[IMG][/IMG]
    Loved our trip to the West Coast USA. Death Valley is the place to go!
    • Mr.Generous
    • By Mr.Generous 25th Jan 17, 6:16 PM
    • 1,506 Posts
    • 2,153 Thanks
    Mr.Generous
    I'd rather try and break in via a window or door than get inside a decent key safe, they are very secure. We have been paid to get into one that failed so carers couldn't get in to see a patient and daughter was in work miles away panicking, and tried to remove one from a property we bought. They are safe enough. If you have secure bars on all your doors and windows, a moat and a drawbridge then the keysafe might be your weakest link.
    • treliac
    • By treliac 24th Feb 17, 11:42 PM
    • 4,319 Posts
    • 13,944 Thanks
    treliac
    They are fine, secure and reliable. Just best to site them where they cannot be obviously seen by passers by or casual callers, if possible.
    • Rosieandjim
    • By Rosieandjim 25th Feb 17, 9:04 PM
    • 39 Posts
    • 47 Thanks
    Rosieandjim
    Has there been any statistics around how many houses have been broken into via these? Having worked on the community for 15 years some time ago I never came across one, and there were many fitted.


    I don't think burglars would want to hang around the front of a property fiddling with a combination lock.


    Most thefts are committed by a carer within the home and these have come to light in the media.
    Last edited by Rosieandjim; 25-02-2017 at 9:08 PM. Reason: added info
    • ThinkingOutLoud
    • By ThinkingOutLoud 3rd Mar 17, 1:29 PM
    • 1,022 Posts
    • 803 Thanks
    ThinkingOutLoud
    So I recognise cost is a factor.

    But take a look at (replaced link due to issue) http://www.safewise.com/blog/finding-the-perfect-electronic-door-lock-for-your-home/

    Seems insurer approved if the right lock is fitted and has a few advantages including the 5 minute delay for failed attempts.

    Also the "extra" codes let you give different carers/support agencies etc their own number (albeit that reduces the number of possible till you got lucky. ). But much easier to coordinate if one carer changes - you don't have to tell the others a new number - only the new one.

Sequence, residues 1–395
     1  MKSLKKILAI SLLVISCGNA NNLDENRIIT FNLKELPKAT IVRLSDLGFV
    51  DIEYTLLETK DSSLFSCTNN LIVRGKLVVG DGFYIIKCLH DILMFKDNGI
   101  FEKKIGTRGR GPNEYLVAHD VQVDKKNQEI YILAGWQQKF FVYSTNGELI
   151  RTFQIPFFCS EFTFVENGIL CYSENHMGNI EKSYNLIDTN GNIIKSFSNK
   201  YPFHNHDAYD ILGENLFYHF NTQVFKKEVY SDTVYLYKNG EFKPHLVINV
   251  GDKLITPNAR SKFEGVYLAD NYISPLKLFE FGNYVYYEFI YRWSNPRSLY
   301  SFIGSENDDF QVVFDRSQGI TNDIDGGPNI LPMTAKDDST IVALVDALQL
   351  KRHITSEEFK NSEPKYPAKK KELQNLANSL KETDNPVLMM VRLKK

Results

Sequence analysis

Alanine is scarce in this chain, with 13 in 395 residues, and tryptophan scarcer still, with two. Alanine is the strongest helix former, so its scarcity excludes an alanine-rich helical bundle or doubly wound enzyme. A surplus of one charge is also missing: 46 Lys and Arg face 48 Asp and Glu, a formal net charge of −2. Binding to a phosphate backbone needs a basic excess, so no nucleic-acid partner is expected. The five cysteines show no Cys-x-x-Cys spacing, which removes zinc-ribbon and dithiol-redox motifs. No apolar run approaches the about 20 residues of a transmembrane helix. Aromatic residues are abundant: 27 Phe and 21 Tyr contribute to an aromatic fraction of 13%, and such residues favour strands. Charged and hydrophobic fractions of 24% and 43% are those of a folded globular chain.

No idea if any good. There are much higher end solutions. But this seemed worth consideration.
    Last edited by ThinkingOutLoud; 03-03-2017 at 3:13 PM. Reason: Replaced errant link with new one.
    I am just thinking out loud - nothing I say should be relied upon!
    I do however reserve the right to be correct by accident.
    • alanq
    • By alanq 3rd Mar 17, 3:07 PM
    • 3,525 Posts
    • 2,253 Thanks
    alanq
    The link is broken.

    Is this the one that you wanted?

    http://www.mycrimeprevention.co.uk/whats-new/crime-prevention-products/keyless-entry-door-lock
    Last edited by alanq; 03-03-2017 at 3:10 PM.
    I'm a Board Guide on the Budgeting and Bank Accounts, Savings & Investments, Food Shopping and Over 50s MoneySaving boards. I'm a volunteer to help the boards run smoothly, and I can move and merge threads there. Any views are mine and not the official line of moneysavingexpert.com. Board guides are not moderators. If you spot an inappropriate or illegal post then please report it to forumteam@moneysavingexpert.com
    • ThinkingOutLoud
    • By ThinkingOutLoud 3rd Mar 17, 3:13 PM
    • 1,022 Posts
    • 803 Thanks
    ThinkingOutLoud
    The link is broken.
    Originally posted by alanq
    Thanks. You are right sorry. Not sure what happened as copied and pasted.That said that link is getting flagged as risky by my firewall now.

    Here is similar post - http://www.safewise.com/blog/finding-the-perfect-electronic-door-lock-for-your-home/
    I am just thinking out loud - nothing I say should be relied upon!
    I do however reserve the right to be correct by accident.
    • PasturesNew
    • By PasturesNew 3rd Mar 17, 3:17 PM
    • 58,634 Posts
    • 337,667 Thanks
    PasturesNew
    The one we had was a push button one and used a letter and then four numbers.
    Sometimes it was a bit temperamental though and you had to start again.
    We got it for carers.
    • Alter ego
    • By Alter ego 8th Mar 17, 7:04 PM
    • 1,943 Posts
    • 1,870 Thanks
    Alter ego
    The one we had was a push button one and used a letter and then four numbers.
    Sometimes it was a bit temperamental though and you had to start again.
    We got it for carers.
    Originally posted by PasturesNew
    Was the letter c ? - clear
    Ignore me if you like, it's not the real me anyway.
    • simonineaston
    • By simonineaston 11th Mar 17, 8:58 AM
    • 65 Posts
    • 19 Thanks
    simonineaston
    I've had one (MasterLock) on my wall for a few years. Although it isn't readily visible from the street, being under the cap stone of the front wall, and out of direct line of sight from anyone on the pavement, my front yard is directly accessible from the street and I've always considered it to be a risk. However, it does its job - it's never been compromised or stolen, and I've had recourse to use the keys in it a couple of times.
    My neighbour opposite has to have reguar medical support several times a day and the carers use his key safe (also a Master Lock) several times a day, 24 / 7, and likewise he's never had any trouble with it, either malfunction or tampering.
    So for us two, in a busy, inner-city environement, they seems to work! :-)